Simple fixes for 2 common exercises

The DB press and the DB row are staples of many a training plan, but you might be making a couple of simple errors in their execution that limit their effectiveness and increase the potential for injury.

Fixing these 2 common errors is actually pretty straightforward and can massively improve your performance and benefits from these movements.

The DB press.

I really like the dumbbell press as a shoulder friendly variation of the bench press. Since your hands, and therefore your shoulders and elbows, can rotate freely, there is less stress put on both. This benefit can be wiped out, however, if you don’t have the DB tracking over your elbows throughout.

A common error, especially in new trainees, is to let the DB fall towards either the shoulder or chest, or both. Then trying to press out of that position becomes a weird tricep extension and press in one.

Not only do you lose efficiency in the press, but you run the risk of stressing your elbow/ shoulder and/or the DB crashing down onto your chest or face. Not ideal…

Instead, have the DB track straight above your elbow throughout, making it easier to drive the weight straight back up on the push segment of the lift. Sometimes this takes just a little more thought and awareness of your positioning, and sometimes it requires a spotter guiding your position until you get a better feel and understanding of the position you’re trying to achieve.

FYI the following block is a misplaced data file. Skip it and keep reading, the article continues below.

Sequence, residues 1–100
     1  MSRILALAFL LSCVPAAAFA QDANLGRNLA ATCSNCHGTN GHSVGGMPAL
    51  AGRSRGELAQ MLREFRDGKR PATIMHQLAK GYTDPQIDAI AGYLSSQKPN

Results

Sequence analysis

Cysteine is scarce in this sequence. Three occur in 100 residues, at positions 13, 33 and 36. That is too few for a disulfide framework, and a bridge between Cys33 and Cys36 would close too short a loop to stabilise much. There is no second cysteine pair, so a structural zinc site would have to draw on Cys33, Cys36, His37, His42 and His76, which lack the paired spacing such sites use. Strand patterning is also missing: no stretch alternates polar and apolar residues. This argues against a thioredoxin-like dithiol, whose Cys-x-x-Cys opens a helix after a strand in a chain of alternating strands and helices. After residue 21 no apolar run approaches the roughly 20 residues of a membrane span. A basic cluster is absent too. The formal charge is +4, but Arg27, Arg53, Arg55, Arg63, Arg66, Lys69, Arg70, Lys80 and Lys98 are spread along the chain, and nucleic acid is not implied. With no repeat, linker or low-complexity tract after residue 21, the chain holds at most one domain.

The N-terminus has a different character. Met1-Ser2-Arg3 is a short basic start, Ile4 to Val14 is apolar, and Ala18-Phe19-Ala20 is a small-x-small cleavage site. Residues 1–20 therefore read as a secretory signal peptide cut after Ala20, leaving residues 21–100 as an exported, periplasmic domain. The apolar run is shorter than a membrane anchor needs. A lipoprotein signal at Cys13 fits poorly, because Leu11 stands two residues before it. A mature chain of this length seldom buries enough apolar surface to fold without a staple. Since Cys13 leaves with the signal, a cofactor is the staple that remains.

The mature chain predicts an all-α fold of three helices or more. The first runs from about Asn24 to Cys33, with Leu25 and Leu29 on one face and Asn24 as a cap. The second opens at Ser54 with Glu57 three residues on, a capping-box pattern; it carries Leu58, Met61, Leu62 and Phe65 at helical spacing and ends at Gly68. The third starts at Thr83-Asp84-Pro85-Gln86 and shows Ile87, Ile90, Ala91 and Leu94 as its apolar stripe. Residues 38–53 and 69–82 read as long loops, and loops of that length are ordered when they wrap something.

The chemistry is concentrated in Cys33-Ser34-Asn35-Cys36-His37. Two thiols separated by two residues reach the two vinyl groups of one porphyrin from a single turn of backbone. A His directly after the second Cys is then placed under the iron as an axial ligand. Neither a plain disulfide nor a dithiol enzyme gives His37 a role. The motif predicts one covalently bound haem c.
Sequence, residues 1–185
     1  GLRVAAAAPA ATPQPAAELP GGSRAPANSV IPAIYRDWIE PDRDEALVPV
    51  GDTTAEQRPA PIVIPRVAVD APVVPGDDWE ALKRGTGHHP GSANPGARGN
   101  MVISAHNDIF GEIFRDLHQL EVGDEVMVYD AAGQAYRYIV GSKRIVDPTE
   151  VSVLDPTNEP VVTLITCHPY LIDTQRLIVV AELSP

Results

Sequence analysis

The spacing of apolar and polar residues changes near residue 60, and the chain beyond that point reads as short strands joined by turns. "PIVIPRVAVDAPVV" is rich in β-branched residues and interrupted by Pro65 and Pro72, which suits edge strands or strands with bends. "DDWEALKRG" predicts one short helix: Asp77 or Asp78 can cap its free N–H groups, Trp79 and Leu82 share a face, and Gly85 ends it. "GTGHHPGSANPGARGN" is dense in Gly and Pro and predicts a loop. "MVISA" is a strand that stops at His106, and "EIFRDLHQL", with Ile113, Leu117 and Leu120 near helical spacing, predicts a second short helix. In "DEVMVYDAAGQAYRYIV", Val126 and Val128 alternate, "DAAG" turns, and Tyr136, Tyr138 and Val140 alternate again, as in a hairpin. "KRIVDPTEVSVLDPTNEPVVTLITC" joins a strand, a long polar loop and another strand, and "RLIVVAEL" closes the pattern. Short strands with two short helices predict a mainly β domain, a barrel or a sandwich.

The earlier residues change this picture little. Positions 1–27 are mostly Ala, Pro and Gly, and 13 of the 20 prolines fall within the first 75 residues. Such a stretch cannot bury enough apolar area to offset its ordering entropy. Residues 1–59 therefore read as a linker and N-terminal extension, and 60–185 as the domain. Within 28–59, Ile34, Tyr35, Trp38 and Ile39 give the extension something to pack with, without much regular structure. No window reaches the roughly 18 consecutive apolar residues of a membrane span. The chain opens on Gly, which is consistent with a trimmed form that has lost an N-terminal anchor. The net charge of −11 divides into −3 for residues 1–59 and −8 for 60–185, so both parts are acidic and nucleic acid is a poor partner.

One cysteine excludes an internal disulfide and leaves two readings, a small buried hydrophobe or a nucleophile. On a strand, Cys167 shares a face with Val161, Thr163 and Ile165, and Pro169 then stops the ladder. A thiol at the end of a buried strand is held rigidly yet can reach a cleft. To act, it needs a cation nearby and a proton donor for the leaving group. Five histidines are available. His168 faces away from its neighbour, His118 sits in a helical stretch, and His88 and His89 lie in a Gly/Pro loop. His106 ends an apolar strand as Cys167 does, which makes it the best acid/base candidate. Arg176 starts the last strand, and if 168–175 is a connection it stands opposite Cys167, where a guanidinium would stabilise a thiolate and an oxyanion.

The DB row

The Db row, along with the barbell row and other variations have a similar misalignment issue of their own. The tendency is to row towards the mid-chest, resulting in an over-reliance on the biceps instead of the lats. This may be due to the feel of a greater range of movement, but it actually limits the lat as the prime mover.

The fix is to have the DB hand directly below the elbow throughout, and concentrate on moving the elbow through the required ROM. This ensures that the biceps are no longer the limiter of what you pull, and while they certainly still play a role, the lat is the big player.

Initially, this will feel like too small a ROM to be effective, but trust me, you’ll get a much bigger bang for your buck!

This issue is basically the same in both instances. The load is falling/ being pulled into the wrong position, limiting your ability to get the desired result from the movement. These simple fixes should get you back on the right path in no time at all!

 

Stay strong,

Dave

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